The Rate of Exploitation of Workers at Air Canada, One of the Largest Private Employers in Canada

The following applies to Air Canada workers before the COVID-19. The situation undoubtedly has changed since then since the airline industry has suffered disproportionately an economic crisis relative to some other industries (such as food production).

In another post, I presented the twenty largest employers in Canada according to level of profit (see A Short List of the Largest Private Employers in Canada, According to Profit). One of those employers is Air Canada, a privatized airline company (that used to be under public ownership).

I have tried to calculate the rate of exploitation of workers of Magna International in an earlier post (see The Rate of Exploitation of Workers at Magna International Inc., One of the Largest Private Employers in Toronto, Part One); Magna International is one of the largest employers in Toronto.

I decided to look at the annual report of some of the largest private companies in Toronto and Canada if they are available in order to calculate the rate of exploitation at a more micro level than aggregate rates of surplus value at the national or international level. Politically, this is necessary since social democrats here in Toronto (and undoubtedly elsewhere) vaguely may refer to exploitation–while simultaneously and contradictorily referring to “decent work” and “fair contracts.” Calculating even approximately the rate of exploitation at a more micro level thus has political relevance.

Conclusions First

I am going to begin with a conclusion, and then explain what it means and how it is calculated so that the reader understands where I am headed in the calculations:

For every hour worked that produces her/his wage, a worker at Air Canada works around an additional 42 minutes for free for Air Canada.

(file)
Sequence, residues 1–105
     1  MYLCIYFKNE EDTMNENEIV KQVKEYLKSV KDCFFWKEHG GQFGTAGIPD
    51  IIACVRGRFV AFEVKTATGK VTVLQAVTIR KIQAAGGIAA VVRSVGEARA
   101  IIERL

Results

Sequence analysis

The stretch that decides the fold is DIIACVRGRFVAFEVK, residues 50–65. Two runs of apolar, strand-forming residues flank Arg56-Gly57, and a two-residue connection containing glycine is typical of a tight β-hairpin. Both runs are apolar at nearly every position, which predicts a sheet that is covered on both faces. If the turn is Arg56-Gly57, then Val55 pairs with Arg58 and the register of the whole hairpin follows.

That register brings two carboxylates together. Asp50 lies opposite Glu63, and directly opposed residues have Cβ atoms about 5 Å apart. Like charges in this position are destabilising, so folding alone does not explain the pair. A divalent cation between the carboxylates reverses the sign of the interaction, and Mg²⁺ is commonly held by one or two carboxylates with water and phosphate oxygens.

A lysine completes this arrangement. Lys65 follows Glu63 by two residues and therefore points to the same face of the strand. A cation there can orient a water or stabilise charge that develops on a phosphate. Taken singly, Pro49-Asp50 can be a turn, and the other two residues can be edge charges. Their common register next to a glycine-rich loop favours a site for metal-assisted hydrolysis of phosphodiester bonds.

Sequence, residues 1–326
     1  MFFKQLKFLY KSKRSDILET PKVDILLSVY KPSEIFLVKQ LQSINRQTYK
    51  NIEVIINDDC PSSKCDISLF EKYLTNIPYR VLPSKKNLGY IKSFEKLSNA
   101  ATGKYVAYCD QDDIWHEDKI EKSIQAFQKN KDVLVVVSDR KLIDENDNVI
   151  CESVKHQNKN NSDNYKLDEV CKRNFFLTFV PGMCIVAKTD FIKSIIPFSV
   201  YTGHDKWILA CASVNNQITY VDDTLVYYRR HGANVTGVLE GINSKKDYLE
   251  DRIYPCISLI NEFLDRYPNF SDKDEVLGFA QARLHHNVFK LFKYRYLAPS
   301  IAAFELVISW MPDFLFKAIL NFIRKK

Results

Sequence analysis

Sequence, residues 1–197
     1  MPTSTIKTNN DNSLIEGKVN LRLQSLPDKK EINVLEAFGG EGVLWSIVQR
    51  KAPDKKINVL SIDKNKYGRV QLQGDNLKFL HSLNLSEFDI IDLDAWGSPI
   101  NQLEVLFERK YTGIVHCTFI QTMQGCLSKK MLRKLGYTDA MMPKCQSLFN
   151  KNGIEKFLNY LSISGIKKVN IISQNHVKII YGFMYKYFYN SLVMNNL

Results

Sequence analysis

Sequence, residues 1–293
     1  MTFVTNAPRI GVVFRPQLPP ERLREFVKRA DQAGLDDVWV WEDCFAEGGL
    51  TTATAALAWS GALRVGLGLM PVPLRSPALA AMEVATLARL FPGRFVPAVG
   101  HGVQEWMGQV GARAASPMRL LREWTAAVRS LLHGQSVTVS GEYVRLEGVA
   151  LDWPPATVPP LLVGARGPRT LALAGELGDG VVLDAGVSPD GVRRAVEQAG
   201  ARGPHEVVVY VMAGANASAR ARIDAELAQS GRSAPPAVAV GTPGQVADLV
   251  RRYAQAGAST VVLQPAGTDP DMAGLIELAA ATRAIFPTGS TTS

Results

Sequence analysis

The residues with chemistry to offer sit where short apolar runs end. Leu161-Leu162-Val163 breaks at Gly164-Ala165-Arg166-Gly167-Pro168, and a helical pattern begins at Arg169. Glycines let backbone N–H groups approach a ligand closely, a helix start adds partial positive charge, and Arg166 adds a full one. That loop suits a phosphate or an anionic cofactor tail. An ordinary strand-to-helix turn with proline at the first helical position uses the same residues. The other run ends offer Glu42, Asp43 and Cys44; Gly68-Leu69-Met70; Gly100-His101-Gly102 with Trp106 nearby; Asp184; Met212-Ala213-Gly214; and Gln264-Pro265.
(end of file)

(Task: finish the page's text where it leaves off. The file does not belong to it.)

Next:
In a 6-hour work day, the worker produces her/his wage in about 3.5 hours and works 2.5 hours for free for Air Canada. Of course, during the time that the worker produces her/his own wage, s/he is subject to the power of management and hence is  also unfree (see, for instance, Management Rights, Part Four: Private Sector Collective Agreement, Ontario and Employers as Dictators, Part One).

In an 8-hour work day, the worker produces her/his wage in about 5 hours 36 minutes and works for 2 hours and 24 minutes free for Air Canada.

In a 12-hour day, the worker produces her/his wage in about 8 hours 24 minutes and works for free for 3 hours 36 minutes for Air Canada.

Of course, social democrats refer to this situation, in one way or another, as “fair.” They do so by using such terms as “fair contract,” “free collective bargaining,” “fairness,” “economic justice,” “good contract,” “decent work,” “companies paying their fair share of taxes” and similar rhetoric. Such rhetoric, rather than enlightening workers about their situation, actually hide it. The working class deserves better than this ideology.

The Nature of the Rate of Exploitation

But what is the rate of exploitation? And why not use the usual rate of profit or the rate of return? The rate of profit is calculated as profit divided by investment. Since employers purchase both the means for work–buildings, computers, office supplies, raw material–and hire workers–we can classify investment into two categories: c, meaning constant capital, or the capital invested in commodities other than workers; and v, or variable capital, the capital invested in the hiring of workers for a certain period of time (wages, salaries and benefits).

The purpose of investment in a capitalist economy is to obtain more money (see The Money Circuit of Capital), and the additional money is surplus value when it is related to its source: workers working for more time than what they cost to produce themselves. The relation between surplus value and variable capital (or wages and salaries) is the rate of surplus value or the rate of exploitation, expressed as a ratio: s/v.

When the surplus is related to both c and v and expressed as a ratio, it is the rate of profit: s/(c+v).